Sportsmen are human beings too: Coach
MOOLOOLABA performance coach Bo Hanson says cricketer Phillip Hughes's death is a reminder that elite sportspeople are human beings and not immune to the emotional impact of tragedy, grief and shock.
The four-time Olympic rower operates Athlete Assessments with wife Liz, helping coaches and athletes perform at their best.
The pair works across 24 different sports, including with teams in the NRL and AFL and others overseas.
He said the nation's professional cricketers would be feeling precisely the same emotions as ordinary people in the wake of the 25-year-old's untimely death.
"There's always a level of shock when something tragic happens like this," he said.
"Then there is denial, not believing it. Then they'll be thinking about themselves and how it could happen to them as well.
"But part of coming to terms with it is knowing you can't change it, and then they get to the point where they can start to move on and refocus on the future."
Mr Hanson said players lining up for the first Test against India next Tuesday would be feeling heightened emotion in the circumstances, but he doubted that would affect their performance.
"Given they are professional athletes, I would expect they have some quality coping mechanisms, a good coaching staff as well as their own family and friends," he said.
"Eventually they will come to terms with it and put in a performance on the field that makes themselves, the nation and Phillip proud. As a group, they can support each other and do something special for Phillip.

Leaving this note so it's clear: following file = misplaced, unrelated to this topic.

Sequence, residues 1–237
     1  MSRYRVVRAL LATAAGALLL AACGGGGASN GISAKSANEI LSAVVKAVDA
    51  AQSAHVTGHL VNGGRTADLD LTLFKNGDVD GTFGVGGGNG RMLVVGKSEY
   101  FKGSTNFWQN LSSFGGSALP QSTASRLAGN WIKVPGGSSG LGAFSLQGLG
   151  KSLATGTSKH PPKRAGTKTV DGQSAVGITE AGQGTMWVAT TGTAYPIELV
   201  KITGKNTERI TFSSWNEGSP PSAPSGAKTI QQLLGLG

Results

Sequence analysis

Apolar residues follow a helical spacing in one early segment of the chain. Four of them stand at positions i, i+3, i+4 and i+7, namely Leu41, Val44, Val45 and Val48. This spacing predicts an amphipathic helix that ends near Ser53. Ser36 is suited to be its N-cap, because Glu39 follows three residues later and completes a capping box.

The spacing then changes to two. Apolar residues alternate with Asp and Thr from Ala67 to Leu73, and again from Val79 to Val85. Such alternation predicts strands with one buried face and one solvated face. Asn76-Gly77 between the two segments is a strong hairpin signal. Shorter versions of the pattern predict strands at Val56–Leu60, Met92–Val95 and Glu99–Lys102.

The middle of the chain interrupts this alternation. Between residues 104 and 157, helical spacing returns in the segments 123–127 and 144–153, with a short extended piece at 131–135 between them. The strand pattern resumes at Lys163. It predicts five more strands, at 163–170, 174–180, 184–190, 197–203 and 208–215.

"The general public would like to see them galvanise and produce something significant, but it also puts cricket and sport in perspective. This has shown there are more important things in life - relationships and the people around you are the critical elements here.
"There may be a level of apprehension on both sides, whether they are batting or bowling, but one of the key things you know as an athlete is when you hold back, you lose that focus.
"You learn when you are not fully consumed in the moment and your mind is not on the job, you may jeopardise your performance."
Mr Hanson has had experience working with teams after tragedy.
"They are in a fortunate position in as much as they have this strong group of people around them who are all on the same page and wanting to support each other," he said, adding the best way to deal with it was talk about it.
"Pay attention to people you work with and your family and be a bit more alert to the cues if they are stuck in those emotional states where they are finding it hard to move on."